My Thoughts After Leaving Google for 3 Months

I left Google after a bit more than 5 years. Google was my first job and my dream company. It feels like a blink how fast the time passed by.

Many friends asked me why. Working for Google is definitely a privilege. I will always be grateful how much I learned and gained in these 5 years. It worths a separate blog to document what actually drove my decision making process and led to leave Google. In this one I would only write down my thoughts in the last 3 months after I left Google.

Am I happier in the last 3 months with my new job?


As an engineer, Google (when I joined in 2015) provided me the 2nd best environment: largest data, mature infrastructure, billions of users. You might ask what is the best if Google is secondary? The best environment is challenging problems, innovative people and an infrastructure with less limitation.

A great infrastructure is both weapons and shackles. It demonstrates what was the correct way to solve a problem. However in real world problems are always different with their cousins. A lot of times in order to make sure we are utilizing the “great” existing infra, we either cut the toes to fit the shoes or kill the flies with a cannon. It is seldom encouraged to spin up a new infra to solve a new problem since the belief is deep in a lot of people if not everyone: our existing infra is great you should reuse it.

Yeah I know it’s always a trade-off.

In my new job, the infra basically does not exist compared with what I have seen in Google. This actually makes me really excited since no one will ever use “we have a X infra that solved a Y problem, you should use it as well” as a reason to oppose an effort of building another something.

In fact I won’t recommend any new grads to join my current job: it is very chaotic, though full of opportunities. As a first job it definitely requires a lot of effort and proper mentorship to figure out a career path. I do recommend my current job to many seasoned engineers and my Googler friends, especially people who are great problem solvers and willing to think differently. The years in Google provided me a very good view of how the infrastructure evolves with larger and larger traffic, where it settles, how to mitigate tech debt while still be able to deliver new features. These are like golden standards in some sense that always come to my mind while I’m facing the chaotic problem space.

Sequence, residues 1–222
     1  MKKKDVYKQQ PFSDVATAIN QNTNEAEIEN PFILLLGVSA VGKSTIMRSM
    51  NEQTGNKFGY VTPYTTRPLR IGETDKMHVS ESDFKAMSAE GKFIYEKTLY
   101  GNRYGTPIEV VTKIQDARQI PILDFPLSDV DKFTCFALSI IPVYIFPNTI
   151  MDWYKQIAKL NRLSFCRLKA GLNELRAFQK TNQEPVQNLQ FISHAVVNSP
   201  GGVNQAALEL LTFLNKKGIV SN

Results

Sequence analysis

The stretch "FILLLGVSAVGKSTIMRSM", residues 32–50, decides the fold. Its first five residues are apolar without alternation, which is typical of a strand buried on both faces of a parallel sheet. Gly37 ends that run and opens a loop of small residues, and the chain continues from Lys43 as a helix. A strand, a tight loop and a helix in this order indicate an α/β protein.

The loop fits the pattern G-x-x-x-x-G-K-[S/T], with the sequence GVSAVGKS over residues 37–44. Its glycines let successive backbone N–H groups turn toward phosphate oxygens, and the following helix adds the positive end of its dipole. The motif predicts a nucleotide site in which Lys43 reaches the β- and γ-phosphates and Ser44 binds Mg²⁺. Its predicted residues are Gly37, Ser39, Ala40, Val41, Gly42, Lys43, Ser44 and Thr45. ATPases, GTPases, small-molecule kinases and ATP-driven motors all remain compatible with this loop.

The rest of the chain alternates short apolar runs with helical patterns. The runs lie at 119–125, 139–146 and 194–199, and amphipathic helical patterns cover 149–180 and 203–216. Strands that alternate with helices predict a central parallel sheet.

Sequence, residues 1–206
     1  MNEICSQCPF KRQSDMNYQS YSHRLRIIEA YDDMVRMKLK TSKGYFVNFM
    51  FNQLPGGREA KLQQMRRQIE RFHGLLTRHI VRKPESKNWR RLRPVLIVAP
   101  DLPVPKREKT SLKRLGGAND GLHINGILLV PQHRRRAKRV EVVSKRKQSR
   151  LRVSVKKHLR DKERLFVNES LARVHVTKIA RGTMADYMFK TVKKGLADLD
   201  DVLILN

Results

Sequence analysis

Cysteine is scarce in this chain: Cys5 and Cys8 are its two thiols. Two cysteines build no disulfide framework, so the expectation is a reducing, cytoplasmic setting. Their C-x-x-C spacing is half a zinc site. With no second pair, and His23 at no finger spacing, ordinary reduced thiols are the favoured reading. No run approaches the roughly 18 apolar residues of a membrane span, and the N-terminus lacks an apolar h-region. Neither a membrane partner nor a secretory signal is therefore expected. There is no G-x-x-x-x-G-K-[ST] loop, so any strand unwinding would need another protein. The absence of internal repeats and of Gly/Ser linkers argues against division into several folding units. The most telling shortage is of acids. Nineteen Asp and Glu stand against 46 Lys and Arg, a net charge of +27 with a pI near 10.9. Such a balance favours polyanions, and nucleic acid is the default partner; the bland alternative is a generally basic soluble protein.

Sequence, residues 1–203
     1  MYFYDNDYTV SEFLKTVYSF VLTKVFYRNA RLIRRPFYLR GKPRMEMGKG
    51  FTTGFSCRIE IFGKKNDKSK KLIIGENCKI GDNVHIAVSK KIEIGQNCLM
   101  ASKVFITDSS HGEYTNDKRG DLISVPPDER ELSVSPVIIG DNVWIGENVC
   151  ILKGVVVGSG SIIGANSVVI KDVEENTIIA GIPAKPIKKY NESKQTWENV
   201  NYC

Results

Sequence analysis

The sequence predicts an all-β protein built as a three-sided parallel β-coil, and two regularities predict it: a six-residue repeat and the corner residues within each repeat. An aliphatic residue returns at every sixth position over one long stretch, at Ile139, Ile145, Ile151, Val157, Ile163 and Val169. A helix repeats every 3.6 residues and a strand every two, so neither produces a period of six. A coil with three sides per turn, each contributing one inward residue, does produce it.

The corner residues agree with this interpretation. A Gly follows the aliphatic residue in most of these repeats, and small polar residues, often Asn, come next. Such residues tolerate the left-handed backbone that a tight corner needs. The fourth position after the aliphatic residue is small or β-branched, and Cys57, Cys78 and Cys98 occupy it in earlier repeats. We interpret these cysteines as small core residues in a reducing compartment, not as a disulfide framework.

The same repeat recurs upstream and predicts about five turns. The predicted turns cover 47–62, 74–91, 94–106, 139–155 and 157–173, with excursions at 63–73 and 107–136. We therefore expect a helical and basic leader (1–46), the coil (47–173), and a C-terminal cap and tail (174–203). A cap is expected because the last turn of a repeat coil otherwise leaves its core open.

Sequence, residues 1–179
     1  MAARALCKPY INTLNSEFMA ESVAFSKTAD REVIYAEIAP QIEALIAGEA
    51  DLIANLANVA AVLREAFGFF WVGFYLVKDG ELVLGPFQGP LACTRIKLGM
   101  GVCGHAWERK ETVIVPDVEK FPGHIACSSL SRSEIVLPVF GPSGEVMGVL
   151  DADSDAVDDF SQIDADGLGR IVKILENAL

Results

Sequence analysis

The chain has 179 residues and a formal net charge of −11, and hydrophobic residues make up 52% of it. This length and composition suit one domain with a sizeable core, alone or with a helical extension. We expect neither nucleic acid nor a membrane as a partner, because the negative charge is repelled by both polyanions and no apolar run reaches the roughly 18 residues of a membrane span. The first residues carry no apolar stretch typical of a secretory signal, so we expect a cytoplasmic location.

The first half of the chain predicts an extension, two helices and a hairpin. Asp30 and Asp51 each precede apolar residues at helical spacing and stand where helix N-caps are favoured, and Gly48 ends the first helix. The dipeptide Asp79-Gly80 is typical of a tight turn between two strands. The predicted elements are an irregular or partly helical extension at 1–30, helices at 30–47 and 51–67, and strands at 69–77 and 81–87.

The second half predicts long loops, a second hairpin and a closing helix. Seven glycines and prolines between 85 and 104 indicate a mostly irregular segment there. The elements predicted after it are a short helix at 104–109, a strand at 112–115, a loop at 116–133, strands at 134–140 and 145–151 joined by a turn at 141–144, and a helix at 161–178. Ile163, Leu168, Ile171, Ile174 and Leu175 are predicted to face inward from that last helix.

I began to appreciate more of Google’s infrastructure after I left Google. It began to guide me through the fogs of uncertainty.

I still recommend a good engineer should be aware of not being spoiled by “Google-level” infra. You stop growing when you start to believe the existing infra will handle all your new features and take it for granted. Try to understand as much as you can and even dig into ancient docs to understand how it evolves into this shape. In the future these will be the best knowledge you can keep with yourself.

Right I started to miss Google after 3 months. But I know I’m a better engineer than 3 months ago.